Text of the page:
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First Drive Review: 2021 Ford Bronco Sport deserves all its engineering accolades

The verdict is in on the 2021 Ford Bronco Sport. Its engineering is a winner.

Photo courtesy of Ford Motor Company

It's the inevitable curse that comes with being a crossover. Buyers think you look okay and assume you're little more than a comfortable daily driver. Whatever pre-conceived notions you have about the 2021 Ford Bronco Sport being a crossover that just so happens to be lucky enough to wear the Bronco badge will be thrown out the window the moment you get into any sort of terrain off the paved road.

That's where the Bronco Sport shines. Unlike its closest competitors - among them the Subaru Forester, Toyota RAV4, Honda CR-V, and Nissan Rogue - the Bronco Sport takes its off-roading chops seriously. For the model, its powers isn't just a drive mode or available all-wheel drive. The Bronco Sport is extremely capable.

2021 Ford Bronco Sport First Edition Ford allowed the Bronco Sport First Edition to be put through its paces at a former quarry outside of Detroit.Photo courtesy of Ford Motor Company

That capability starts with a bunch of equipment the average buyer will never see. The Bronco Sport First Edition, the model's most capable offering, comes standard with an advanced 4x4 system that has a class-exclusive twin-clutch rear-drive unit with a differential lock - something you traditionally find on much larger SUVs and trucks. This system allows the SUV to have virtually all its rear axle torque delivered to either wheel making getting out of sand, through mud, or over rocks easier.

How much torque is allocated is managed by the Bronco Sport's G.O.A.T. Modes. Normal, Eco, Sport, Slippery, and Sand are offered as standard drive modes while Mud/Ruts and Rock Crawl models come on the Badlands and First Edition model.

The drive modes work in conjunction with the SUV's High-Performance Off-Road Stability Suspension (H.O.S.S.). The Bronco Sport First Edition that was the tester was fully loaded with the system and the available Bilstein Position Sensitive Dampers. Ford developed the tech by test driving the prototype Bronco Sport SUVs on some of the roughest terrain in the U.S. and it's paid off.

In deep sand testing while in Sand Mode the Bronco First Edition maintained its stability at relatively high speed through a cone course without causing too much driver feedback. When crawling up rocks, the Rock Crawl mode performed as advertised.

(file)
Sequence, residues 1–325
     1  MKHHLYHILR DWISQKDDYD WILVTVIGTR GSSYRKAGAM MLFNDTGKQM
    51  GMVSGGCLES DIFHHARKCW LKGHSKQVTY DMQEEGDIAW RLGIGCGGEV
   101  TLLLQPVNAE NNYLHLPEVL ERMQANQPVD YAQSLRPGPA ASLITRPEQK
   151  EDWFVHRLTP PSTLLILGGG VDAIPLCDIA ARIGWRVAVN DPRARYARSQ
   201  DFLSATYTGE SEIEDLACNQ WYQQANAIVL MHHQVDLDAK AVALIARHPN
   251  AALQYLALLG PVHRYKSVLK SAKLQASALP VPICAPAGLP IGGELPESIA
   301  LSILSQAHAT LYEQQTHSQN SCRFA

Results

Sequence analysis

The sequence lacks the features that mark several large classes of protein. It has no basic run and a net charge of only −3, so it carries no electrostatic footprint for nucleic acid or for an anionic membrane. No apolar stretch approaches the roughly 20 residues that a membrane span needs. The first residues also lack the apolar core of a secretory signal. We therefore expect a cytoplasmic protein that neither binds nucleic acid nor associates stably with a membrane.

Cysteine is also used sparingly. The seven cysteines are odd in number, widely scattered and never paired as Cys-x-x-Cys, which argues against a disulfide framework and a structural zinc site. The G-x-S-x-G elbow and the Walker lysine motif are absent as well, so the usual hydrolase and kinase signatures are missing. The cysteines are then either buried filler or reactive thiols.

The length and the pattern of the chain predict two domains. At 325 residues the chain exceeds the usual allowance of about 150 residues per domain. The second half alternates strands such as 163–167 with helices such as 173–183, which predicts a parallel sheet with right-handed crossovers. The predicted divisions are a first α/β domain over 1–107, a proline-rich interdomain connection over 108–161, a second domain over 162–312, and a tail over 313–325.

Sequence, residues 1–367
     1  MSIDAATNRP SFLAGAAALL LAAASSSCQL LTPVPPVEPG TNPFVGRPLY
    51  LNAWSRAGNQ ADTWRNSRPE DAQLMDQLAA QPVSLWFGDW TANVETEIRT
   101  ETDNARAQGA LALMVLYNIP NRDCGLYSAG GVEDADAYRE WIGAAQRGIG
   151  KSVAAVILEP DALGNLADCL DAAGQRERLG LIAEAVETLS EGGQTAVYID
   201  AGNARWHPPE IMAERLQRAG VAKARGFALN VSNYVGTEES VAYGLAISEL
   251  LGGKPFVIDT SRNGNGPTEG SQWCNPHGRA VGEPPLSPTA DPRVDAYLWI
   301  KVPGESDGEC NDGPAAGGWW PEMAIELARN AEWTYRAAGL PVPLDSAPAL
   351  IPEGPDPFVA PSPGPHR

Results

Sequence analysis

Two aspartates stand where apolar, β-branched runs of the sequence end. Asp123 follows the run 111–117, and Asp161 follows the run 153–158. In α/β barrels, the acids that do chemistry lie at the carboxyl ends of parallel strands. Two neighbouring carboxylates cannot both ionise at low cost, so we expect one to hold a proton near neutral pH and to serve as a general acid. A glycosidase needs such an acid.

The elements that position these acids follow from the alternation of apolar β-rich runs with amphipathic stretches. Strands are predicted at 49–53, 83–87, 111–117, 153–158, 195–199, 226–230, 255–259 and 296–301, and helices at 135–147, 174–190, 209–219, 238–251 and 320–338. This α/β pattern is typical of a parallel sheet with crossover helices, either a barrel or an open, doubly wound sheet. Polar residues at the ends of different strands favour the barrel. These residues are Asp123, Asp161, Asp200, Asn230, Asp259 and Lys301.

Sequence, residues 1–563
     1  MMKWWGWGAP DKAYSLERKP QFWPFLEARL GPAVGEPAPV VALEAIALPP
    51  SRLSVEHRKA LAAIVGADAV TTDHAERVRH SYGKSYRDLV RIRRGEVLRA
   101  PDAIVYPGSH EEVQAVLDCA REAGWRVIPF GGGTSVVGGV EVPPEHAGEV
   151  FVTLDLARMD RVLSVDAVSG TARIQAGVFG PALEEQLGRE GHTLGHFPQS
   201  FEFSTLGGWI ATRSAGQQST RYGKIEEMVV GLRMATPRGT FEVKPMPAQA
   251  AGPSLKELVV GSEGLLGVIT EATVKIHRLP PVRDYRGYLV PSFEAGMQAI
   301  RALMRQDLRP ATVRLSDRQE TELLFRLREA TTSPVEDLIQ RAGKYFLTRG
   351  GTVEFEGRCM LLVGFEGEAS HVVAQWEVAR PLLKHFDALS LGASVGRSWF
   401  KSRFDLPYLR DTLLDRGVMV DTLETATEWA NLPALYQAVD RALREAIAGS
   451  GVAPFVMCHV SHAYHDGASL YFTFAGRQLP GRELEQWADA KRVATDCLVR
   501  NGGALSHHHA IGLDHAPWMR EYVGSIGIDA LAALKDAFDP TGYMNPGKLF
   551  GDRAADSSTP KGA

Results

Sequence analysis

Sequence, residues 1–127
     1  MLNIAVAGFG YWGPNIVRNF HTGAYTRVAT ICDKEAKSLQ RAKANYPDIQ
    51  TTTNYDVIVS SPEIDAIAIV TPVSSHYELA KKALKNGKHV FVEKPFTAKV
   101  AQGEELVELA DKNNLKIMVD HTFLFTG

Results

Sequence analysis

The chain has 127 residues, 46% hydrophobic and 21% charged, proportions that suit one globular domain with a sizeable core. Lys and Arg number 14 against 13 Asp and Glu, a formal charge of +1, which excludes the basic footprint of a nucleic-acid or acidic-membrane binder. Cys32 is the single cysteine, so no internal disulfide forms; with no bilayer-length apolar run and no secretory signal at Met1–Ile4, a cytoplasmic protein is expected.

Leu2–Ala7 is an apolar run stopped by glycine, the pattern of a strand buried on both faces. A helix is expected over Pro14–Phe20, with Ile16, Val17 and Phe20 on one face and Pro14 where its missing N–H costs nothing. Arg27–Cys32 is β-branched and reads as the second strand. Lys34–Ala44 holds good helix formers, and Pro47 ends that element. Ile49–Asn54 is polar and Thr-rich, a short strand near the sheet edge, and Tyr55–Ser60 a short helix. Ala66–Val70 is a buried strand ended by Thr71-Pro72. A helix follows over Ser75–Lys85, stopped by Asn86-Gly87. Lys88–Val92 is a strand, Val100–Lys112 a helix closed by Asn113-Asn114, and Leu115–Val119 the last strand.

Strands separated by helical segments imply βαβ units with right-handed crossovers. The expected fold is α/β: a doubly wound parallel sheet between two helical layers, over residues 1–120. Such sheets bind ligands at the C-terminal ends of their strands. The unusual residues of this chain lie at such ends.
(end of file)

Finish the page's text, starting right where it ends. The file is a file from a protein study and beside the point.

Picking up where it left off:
2021 Ford Bronco Sport First Edition Even when encountering deep ruts and soft sand, the Bronco Sport was a champ.Photo courtesy of Ford Motor Company

Switching over to the experience in the less pricey 2021 Ford Bronco Sport Outer Banks the stability followed suit onto the open road where the traditional jolting of Michigan-sized potholes was swallowed up by the system in Normal mode and not allowed to permeate the cabin. The same held true over rougher washboarded dirt roads covered in loose gravel. The Ford Bronco Sport might just be the smoothest ride on the market today.

The First Edition SUV also scored a win with its Trail Control technology, which allows the cruise control to be set going up to 20 mph forward and 6 mph in reverse for vehicle-controlled throttle and braking. On a steep incline, the system was very easy to control with moving the SUV's speed up and down proving to be an easy exercise allowing for 99.99 percent of the concentration to be on the terrain ahead. Maneuvering within the trail is easy enough thanks to connected steering and good wheel feel.

In the quarry cum off-road park where the Bronco Sport First Edition was tested, the fine dirt was a light brown color. The forward facing camera, in combination with the SUV's standard 8.0-inch infotainment screen, had difficultly displaying the nuanced differences in the terrain in bright sunlight driving rendering the camera fairly useless on a bumpy road. In the shadows it performed better, but contrast was still an issue The camera's picture display on the dashboard screen was also delayed to the point where the driver would need to be creeping along to use the technology effectively.

2021 Ford Bronco Sport First Edition The SUV's Trail Control technology made easing down this hill a breeze.Photo courtesy of Ford Motor Company